AMHERST, Mass. - The U.S. Department of Energy (DOE) has awarded a research team led by Derek R. Lovley, of the University of Massachusetts, $3.1 million in grants to determine whether the new field of genomic science can be applied to cleaning up contaminated environments.
The team, in part, will determine the function of undefined genes in the genome of a microorganism showing promise for many environmental clean up applications. Further, the researchers will use this information to construct a computer model showing how the organism responds to different environmental conditions. Lovley''s team includes Steven Sandler from UMass, Barbara Methe from The Institute for Genomic Research (TIGR) in Rockville, Md., Carol Giometti from Argonne National Laboratory, and Bernard Palsson from the University of San Diego.
"We have known for some time that specialized microorganisms may be helpful in removing pollution from groundwater, and now, by studying the complete DNA sequence of one of these organisms, we will be able to better use it for environmental restoration," said Lovley, head of the microbiology department at the University of Massachusetts.
As Lovley emphasized in a recent article in the journal Science, titled "Anaerobes to the Rescue," anaerobes - microorganisms that do not need oxygen to survive - are among the simplest, oldest, and most widespread forms of life. However, it was not until recently that anaerobes were recognized for having a significant potential to consume organic pollutants that enter groundwater from underground petroleum spills and landfills. Some anaerobes can clean up toxic inorganic substances as well, even uranium.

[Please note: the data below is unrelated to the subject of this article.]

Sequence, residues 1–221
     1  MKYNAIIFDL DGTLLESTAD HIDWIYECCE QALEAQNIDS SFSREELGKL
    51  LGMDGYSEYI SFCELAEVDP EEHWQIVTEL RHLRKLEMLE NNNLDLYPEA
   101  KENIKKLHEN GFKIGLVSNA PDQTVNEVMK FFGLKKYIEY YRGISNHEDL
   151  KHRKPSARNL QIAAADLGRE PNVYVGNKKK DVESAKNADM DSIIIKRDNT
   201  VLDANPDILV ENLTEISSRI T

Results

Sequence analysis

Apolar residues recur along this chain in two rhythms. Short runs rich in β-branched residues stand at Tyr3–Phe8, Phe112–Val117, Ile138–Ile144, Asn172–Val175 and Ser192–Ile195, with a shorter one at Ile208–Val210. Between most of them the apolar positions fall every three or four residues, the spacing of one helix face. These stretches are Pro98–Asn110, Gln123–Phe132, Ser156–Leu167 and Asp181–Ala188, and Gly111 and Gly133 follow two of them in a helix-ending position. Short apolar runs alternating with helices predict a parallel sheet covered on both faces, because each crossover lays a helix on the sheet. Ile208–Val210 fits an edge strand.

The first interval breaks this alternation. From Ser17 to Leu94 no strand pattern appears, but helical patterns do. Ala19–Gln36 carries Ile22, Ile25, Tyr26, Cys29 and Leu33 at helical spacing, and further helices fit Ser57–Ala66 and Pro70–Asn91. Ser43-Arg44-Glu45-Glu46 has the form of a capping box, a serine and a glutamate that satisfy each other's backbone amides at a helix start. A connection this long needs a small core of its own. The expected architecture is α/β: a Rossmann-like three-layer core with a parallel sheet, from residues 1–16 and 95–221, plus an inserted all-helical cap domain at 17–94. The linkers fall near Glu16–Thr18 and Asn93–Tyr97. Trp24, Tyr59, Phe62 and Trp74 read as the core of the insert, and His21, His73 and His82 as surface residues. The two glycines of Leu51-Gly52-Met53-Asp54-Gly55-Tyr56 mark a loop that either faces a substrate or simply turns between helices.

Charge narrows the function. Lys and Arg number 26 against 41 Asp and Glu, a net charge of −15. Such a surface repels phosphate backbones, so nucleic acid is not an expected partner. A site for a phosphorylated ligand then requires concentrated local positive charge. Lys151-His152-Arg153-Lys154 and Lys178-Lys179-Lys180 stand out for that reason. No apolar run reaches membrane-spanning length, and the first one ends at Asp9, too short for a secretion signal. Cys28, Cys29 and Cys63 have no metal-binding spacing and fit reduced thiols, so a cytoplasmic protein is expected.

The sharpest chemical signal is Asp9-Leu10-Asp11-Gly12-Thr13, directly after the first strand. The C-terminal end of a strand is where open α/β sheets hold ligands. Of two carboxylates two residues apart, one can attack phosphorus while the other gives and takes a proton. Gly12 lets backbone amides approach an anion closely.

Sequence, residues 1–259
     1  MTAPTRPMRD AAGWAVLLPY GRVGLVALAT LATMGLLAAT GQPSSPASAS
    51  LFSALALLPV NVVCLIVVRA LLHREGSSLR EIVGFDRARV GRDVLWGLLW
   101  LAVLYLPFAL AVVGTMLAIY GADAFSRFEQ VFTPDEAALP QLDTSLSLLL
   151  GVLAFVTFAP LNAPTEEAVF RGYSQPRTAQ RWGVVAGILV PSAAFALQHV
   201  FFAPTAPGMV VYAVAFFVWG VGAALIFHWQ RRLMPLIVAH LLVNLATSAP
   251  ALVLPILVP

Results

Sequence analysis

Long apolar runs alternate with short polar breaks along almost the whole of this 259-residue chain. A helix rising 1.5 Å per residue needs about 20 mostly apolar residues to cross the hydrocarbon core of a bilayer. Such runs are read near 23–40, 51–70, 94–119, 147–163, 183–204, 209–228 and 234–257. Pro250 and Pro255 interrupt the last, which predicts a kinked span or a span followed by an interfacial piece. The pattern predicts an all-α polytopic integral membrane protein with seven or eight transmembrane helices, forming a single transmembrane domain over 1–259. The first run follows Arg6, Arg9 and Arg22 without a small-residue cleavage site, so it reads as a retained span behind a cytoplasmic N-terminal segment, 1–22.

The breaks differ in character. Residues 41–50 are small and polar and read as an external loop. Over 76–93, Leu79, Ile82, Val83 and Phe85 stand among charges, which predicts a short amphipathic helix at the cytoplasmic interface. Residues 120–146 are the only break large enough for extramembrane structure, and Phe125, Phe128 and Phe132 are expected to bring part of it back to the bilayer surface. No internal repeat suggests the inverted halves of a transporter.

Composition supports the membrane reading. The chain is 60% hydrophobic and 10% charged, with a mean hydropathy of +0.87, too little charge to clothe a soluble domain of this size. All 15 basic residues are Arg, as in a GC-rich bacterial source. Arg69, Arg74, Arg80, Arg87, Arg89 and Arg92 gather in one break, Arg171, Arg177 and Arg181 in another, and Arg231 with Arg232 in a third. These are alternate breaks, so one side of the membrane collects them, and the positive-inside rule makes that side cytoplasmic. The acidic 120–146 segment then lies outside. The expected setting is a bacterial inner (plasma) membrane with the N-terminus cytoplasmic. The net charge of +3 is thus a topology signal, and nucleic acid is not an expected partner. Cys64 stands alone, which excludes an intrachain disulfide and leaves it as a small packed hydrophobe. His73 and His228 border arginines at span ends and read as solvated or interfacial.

Lovley was able to culture one of these microorganisms, known as Geobacter, in the laboratory, and scientists at TIGR have completely sequenced its DNA. "It''s now our job to determine what all this genetic information can tell us about why Geobacter is so successful in removing contaminants from polluted groundwater," Lovley said.
"We''ve used anaerobes mainly to degrade, detoxify, or immobilize certain contaminants, such as the carcinogen benzene, in soil and groundwater," said Lovley. "For example, Geobacter can use uranium to get energy the same way we use oxygen, and in the process, it will remove uranium from the surrounding environment. We have found ways to speed up this process through trial and error, but by studying the microorganism''s genome, we expect to gain insights into how to deliberately design strategies for uranium clean up."
Lovely expects the basic science findings that come from these genome projects will be applied rapidly to actual contamination sites. Private industry and the federal government currently fund Lovely''s collaborative research group on a number of ongoing cleanup projects involving petroleum and radioactive waste that contaminate groundwater.
Lovley notes that advances in molecular biology, developed in a large part to study the human genome, are beginning to have a major impact on environmental science. "The things we can do now are just amazing compared to what we could do just a few years ago when there was almost no information on what anaerobes were important in environmental clean up, let along how they functioned. This is a revolutionary way to study the environment."
Derek Lovley can be reached at 413/545-9651, or email@example.com.